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An American pastor in Turkey: Not as straightforward as some report

By Peter Tase

An independent judiciary and religious freedom are consolidated pillars of Turkey’s democratic system, as well as rooted in the fabric of Turkish society.  History shows that Turkey, over the last decades, has been one of the most ardently religiously free countries in Europe and certainly in the Middle East, where Christian minority groups enjoy full rights, as do Jews and others.

While numerous western newspapers have widely reported on “Ankara’s campaigns of religious discrimination and infringement of religious rights,” such publications rely heavily on myths rather than facts.  A case erroneously used as proof is that of North Carolina Pastor Andrew Brunson.

The reality is that the Justice and Development Party’s (AKP) government, currently in the majority, has enacted impressive reforms that defend non-Muslim groups in Turkey. Historically, Turkey has been a supporter of non – Muslim minority groups and long since established a consolidated ethnically diverse nation.

Let’s remind ourselves that AK Party sponsored a westernized legislation in favor of Minorities’ Foundations, encouraging Turkish Government to return over US$ 2.5 billion to minority groups; Ankara restored many synagogues, churches, monasteries with public funds. Turkish Ministry of Education has allowed reopening of a Greek primary school in Gökçeada. Indeed, Republic of Turkey has emerged as heaven to regional ethnic minorities, while fostering peace and religious freedom.  Etyen Mahçupyan’s appointment as senior adviser to former Prime Minister Davutoğlu is testimony to Ankara’s steadfast ambitions in preserving multiculturalism policies.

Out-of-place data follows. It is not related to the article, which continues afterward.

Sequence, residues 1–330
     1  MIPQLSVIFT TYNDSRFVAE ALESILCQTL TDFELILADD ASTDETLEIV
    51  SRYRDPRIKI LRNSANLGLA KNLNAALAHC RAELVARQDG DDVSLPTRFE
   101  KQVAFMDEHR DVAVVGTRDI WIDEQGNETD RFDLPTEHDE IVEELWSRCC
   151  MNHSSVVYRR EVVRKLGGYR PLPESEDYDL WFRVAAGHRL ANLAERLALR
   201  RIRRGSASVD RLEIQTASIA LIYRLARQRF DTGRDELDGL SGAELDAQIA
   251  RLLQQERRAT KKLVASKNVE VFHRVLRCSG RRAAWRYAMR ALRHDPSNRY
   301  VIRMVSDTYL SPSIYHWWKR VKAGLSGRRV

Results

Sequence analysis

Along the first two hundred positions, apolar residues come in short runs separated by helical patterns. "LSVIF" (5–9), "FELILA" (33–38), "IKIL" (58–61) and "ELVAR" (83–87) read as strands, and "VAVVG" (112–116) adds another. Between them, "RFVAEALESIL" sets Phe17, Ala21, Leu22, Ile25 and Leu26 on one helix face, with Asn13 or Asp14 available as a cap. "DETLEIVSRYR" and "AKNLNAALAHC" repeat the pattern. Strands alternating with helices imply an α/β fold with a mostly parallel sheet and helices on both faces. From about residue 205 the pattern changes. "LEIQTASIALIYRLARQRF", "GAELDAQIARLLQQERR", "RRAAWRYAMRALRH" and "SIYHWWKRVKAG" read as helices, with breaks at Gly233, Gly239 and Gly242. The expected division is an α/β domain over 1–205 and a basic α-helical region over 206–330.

Over twenty months ago, Turkish police detained Pastor Brunson on charges of illegally conspiring against Turkish government and for aiding terrorist organizations. Pastor Brunson appeared in Izmir’s City Court on April 16th, his attorney, Ismail Cem Halavurt, states that: “he faces totally unfounded charge of aiding a terrorist organization.”

Pastor Brunson, who lived in Turkey for over 23 years and served as a pastor of Izmir Resurrection Church, was found guilty of aiding terrorist groups in a Turkish court of law.   In court hearings, Brunson categorically denied all allegations before testimony of three witnesses, accusing him of serving the outlawed Kurdistan Workers’ Party (PKK) and aiding U.S.-based radical Islamic preacher, Fethullah Gülen, and his terrorist organization.

The trial and incarceration of Pastor Brunson, despite being purely a matter for Turkey’s judicial system, is portrayed by some as a source of strained relations between Washington and Ankara. Defying this perception, in his latest meeting at the U.S. State Department, Turkish Minister of Foreign Affairs, Mevlüt Çavuşoğlu,assured that his country’s judiciary is completely independent, and that the executive branch cannot influence the court system. U.S. officials have regaled the indispensable and key bilateral relationship between the two nations.